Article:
In Japan, industrial production fell by 4% during the twelve months preceding January 1992. Out of the first three months of the year 1991, industrial production fell by 4% in the western part of Germany, by 29.4% in Sweden (!), by 0.9% in France. In 1991, the British GNP diminished by 1.7% in comparison to the previous year. The dynamic of the reces­sion affects all the industrialized countries.

President Bush's recent speech about the state of the Union, which was supposed to announce measures that would take the US economy out of the mire, was a great disappointment. Essentially it was a sprinkling of recipes which have already proved ineffective for months, and which had more to do with electoral demagogy than economic efficiency. The tax reductions will basically have the effect of increasing the budget deficit which already stood at $270 billion in 1991 and which according to official predictions will reach $399 billion in 1992, posing the problem of America's debt even more dramatically. As for the reduction in the arms budget, the famous 'peace dividend', its sole result will be to push the US economy deeper into the mud, by diminishing state orders for a sector that's already in crisis - 400,000 redun­dancies are envisaged in the coming .years.

In fact, the only slightly positive aspect for American capital in 1991 is an improvement in its balance of trade, even though it's still mainly in deficit. In the first eleven months of 1991, it stood at $64.7 billion, a 36% improvement over the same period in the previous year when it reached $101.7 billion. However, this isn't the result of the American econ­omy becoming more competitive, but of the USA's capacity to use all its economic and imperialist strengths at the same time. It's this which gives it its status as the world's number one economy in the current global trade war. The im­provement in the US balance of trade means above all the deterioration of those of its rivals, and thus an aggravation of the world crisis and even sharper competition on the world market.

The nationalist lie - a danger for the Working class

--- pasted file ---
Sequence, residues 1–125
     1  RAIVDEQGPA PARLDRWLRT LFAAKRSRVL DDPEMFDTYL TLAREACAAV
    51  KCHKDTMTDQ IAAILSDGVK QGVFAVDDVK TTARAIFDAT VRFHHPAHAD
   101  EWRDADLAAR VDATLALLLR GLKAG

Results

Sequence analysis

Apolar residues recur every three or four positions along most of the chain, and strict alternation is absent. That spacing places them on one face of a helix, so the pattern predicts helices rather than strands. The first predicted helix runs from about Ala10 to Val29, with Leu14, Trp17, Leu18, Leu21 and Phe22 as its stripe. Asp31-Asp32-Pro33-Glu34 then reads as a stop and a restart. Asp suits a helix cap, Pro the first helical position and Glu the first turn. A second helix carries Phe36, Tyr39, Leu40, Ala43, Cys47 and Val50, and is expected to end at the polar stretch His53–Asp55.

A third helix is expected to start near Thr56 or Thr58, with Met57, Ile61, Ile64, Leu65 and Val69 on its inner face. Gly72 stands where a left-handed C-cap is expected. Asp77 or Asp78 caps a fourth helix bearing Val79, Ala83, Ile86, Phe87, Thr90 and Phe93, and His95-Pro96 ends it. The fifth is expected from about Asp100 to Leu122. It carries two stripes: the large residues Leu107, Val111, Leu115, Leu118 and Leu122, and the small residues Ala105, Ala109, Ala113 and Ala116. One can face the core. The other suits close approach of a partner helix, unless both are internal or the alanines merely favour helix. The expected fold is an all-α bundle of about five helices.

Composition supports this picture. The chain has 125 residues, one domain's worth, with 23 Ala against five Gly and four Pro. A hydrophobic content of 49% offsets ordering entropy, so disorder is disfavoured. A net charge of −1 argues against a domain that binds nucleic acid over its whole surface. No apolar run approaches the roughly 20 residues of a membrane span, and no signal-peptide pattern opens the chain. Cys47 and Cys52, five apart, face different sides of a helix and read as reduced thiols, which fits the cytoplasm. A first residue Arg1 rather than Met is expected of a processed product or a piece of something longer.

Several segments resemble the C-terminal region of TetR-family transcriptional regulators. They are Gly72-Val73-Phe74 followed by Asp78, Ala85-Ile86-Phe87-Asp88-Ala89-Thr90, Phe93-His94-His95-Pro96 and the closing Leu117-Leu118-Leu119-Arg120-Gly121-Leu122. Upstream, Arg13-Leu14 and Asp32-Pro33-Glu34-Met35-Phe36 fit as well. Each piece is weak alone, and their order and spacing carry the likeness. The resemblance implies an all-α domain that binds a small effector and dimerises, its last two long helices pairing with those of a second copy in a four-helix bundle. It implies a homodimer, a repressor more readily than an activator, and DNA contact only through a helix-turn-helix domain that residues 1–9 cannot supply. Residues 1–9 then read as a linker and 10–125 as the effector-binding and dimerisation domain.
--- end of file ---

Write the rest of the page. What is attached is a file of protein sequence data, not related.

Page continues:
The other side of the trade war is economic nationalism. Each state has to mobilize 'its' workers in the economic war, calling on them to pull in their belts in the name of solidarity with the national economy, launching campaigns to get them to buy home-produced goods. "Buy American" is the new slogan of the protectionist lobbies in the USA.

For years workers have been asked to show wisdom and re­sponsibility by submitting to austerity measures, so that 'tomorrow' things will get better; and for years, things have been going from bad to worse. Everywhere, in all countries, the working class has been the first victim of the trade war. Its wages, its buying power, have been amputated in the name of economic competition, lay-offs have been pushed through in the name of the survival of the firm. It would be the worst of all traps for workers to believe that the lie of economic nationalism is a solution to the crisis, or a lesser evil. This nationalist propaganda, which today aims to get workers to give more sweat for the capitalists, will tomorrow be used to get them to give up their lives for the 'defense of the country'.

The trade war, with its ravages on the world economy, is the expression of the absurd dead-end reached by global capital, now stuck in the greatest economic crisis in its history. At a time when poverty and penury rule over the major part of mankind, production is falling, factories are closing, land is being sterilized, workers reduced to unemployment, the means of production left unused. This is the logic of capital­ism, of a system based on competition. It is leading to the desperate struggle of each against all, to wars, to destruction after destruction. Only the working class, which has no par­ticular interests to defend, whatever country it is in; which everywhere suffers from exploitation and misery - only the struggle of this class can offer an alternative future to hu­manity. By defending itself, by going beyond all the divi­sions and frontiers of capitalism, by forging its international unity and solidarity, the working class alone can show the way out of the increasingly awful tragedy which capitalism is lining up for the planet. JJ 28.2.92.



  • (1) G7: the group of the seven biggest industrial countries, who organise regular meetings in order to 'try' to coordinate their economic policies in the face of the economic crisis.
  • (2) General Agreement on Tariffs and Trade: international negotiations aimed at establishing 'regulations' for interna­tional competition.

The law by which a constantly increasing quantity of means of production, thanks to the advance in the productiveness of social labor, may be set in movement by a progressively diminishing expenditure of human power, this law, in a capitalist society -where the laborer does not employ the means of production, but the means of production employ the laborer - undergoes a complete inversion and is expressed thus: the higher the productiveness of labor, the greater is the pressure of the laborers on the means of employment, the more precarious, therefore, becomes their condition of existence." (Marx, Capital, Vol 1, part 7, chap xxv)